EcoModder Forum EPA roll-down coef vs HP at 100 mph

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 06-16-2013, 12:29 AM #1 (permalink) Engineering first     Join Date: Mar 2009 Location: Huntsville, AL Posts: 792 14 i3-REx - '14 BMW i3-REx Last 3: 45.67 mpg (US) 17 Prime Plus - '17 Toyota Prius Prime Plus 90 day: 58.25 mpg (US) Thanks: 79 Thanked 196 Times in 126 Posts EPA roll-down coef vs HP at 100 mph Hi Recently we were discussing the HP-to-road power in a thread over at PriusChat. So I posted a recent chart showing the power required for a Volt vs Prius Plug-In (PiP): One of the posters correctly pointed out that my chart projects ~27 hp at 100 mph. Obviously something is wrong as this is off by a factor of four. Perhaps you' all can spot my error? I'm using the following:Test Car List Data Files | Cars and Light Trucks | US EPA - source of roll down coefficients drag HP = (A + B*v + C*(v*v)) / 7.5 :: "v-velocity mph", A, B, C from tables Now in the past, I've used an OBD scanner to record ICE rpm and MG1 torque to calculate shaft HP. This has been in fine agreement with the specs for our NHW11 (2003 Prius.) So I need to repeat this analysis using the EPA roll down coefficients and compare. But I'm really scratching my head on this one. Any thoughts? The reason this is important is the title of the thread,"64% of Prius Power gets to wheels during max acceleration?" The original poster is using some raw acceleration numbers and the vehicle weight to calculate the HP-to-road metric and found only 64% is getting there. This suggests an exceptional transmission efficiency loss. Understand, I'm OK with this as it may provide more insights about Prius transmission efficiency . . . if we can find independent confirmation. Unfortunately, I did a bad thing . . . loaned out my 2010 Prius OBD scanner. This one can read out ICE rpm and MG1 torque providing the raw HP data at the input to the transmission. Thanks, Bob Wilson __________________ 2019 Std. Range Plus Model 3 - 134 MPG3 || 2014 BMW i3-REx - 117 MPGe, 39 MPG JuiceBox 40 Pro (240 VAC, 40 A), KHONS portable (120-240 VAC, 12-32 A) Retired engineer, Huntsville, AL (five times AutoPilot saved.)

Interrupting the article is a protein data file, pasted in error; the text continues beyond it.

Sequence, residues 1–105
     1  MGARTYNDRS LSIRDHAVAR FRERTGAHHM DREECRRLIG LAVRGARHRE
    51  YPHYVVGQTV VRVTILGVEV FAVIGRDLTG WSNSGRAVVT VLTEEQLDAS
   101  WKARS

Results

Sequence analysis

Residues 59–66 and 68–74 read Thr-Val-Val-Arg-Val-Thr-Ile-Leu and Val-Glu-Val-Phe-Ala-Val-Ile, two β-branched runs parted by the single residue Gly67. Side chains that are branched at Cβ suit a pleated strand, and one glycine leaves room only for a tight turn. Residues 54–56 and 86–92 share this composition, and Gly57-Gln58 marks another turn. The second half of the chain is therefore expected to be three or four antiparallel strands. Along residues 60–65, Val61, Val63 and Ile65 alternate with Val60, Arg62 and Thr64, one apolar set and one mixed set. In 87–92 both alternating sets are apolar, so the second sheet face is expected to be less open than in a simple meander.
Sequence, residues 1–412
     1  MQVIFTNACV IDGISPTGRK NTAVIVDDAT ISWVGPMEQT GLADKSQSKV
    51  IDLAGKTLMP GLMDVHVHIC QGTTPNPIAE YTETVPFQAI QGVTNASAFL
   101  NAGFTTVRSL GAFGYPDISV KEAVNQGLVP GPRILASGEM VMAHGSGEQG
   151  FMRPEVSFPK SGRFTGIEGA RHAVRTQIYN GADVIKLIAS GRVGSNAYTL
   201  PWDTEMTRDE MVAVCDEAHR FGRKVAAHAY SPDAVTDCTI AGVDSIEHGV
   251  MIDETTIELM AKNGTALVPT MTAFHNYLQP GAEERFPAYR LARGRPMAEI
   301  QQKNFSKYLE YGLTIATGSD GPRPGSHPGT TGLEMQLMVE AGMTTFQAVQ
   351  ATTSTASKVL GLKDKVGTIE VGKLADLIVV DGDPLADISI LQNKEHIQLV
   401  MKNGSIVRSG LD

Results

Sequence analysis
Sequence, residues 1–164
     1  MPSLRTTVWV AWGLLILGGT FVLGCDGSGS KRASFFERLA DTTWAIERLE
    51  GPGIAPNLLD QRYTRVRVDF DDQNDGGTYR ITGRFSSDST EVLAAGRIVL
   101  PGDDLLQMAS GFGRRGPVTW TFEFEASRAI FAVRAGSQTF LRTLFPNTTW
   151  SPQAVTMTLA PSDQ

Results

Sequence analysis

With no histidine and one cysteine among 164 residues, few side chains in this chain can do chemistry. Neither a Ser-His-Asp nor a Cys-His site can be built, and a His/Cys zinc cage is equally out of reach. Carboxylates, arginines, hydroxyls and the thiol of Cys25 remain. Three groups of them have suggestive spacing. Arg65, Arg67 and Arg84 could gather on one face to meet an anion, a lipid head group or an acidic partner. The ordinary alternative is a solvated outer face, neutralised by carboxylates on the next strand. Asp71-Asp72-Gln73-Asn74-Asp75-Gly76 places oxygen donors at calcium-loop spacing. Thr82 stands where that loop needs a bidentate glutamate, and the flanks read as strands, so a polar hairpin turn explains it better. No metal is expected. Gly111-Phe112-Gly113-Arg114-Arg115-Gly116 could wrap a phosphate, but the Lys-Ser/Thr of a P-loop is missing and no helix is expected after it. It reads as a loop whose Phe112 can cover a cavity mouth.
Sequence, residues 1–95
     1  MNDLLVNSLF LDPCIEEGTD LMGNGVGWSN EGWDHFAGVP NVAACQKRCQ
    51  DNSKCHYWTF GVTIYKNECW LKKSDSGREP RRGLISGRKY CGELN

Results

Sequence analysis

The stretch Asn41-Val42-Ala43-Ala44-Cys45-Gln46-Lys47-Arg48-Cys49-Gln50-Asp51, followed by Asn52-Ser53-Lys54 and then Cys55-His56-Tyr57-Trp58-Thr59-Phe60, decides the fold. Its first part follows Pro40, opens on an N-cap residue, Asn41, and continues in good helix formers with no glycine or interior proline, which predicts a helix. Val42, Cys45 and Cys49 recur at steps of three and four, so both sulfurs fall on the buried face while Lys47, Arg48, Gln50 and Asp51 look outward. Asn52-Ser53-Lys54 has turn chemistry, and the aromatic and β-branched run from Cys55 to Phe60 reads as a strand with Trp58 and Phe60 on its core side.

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 06-16-2013, 02:55 AM #2 (permalink) Eco-ventor     Join Date: Oct 2010 Location: sweden Posts: 1,503 Princess - '92 Mazda MX-3 GS House of TudorTeam Mazda 90 day: 53.54 mpg (US) Shirubāarō (*´ω｀*) - '05 Toyota Prius Executive Team Toyota 90 day: 53.13 mpg (US) Thanks: 64 Thanked 610 Times in 385 Posts The formula for power should have a component of velocity cubed. __________________ 2016: 128.75L for 1875.00km => 6.87L/100km (34.3MPG US) 2017: 209.14L for 4244.00km => 4.93L/100km (47.7MPG US)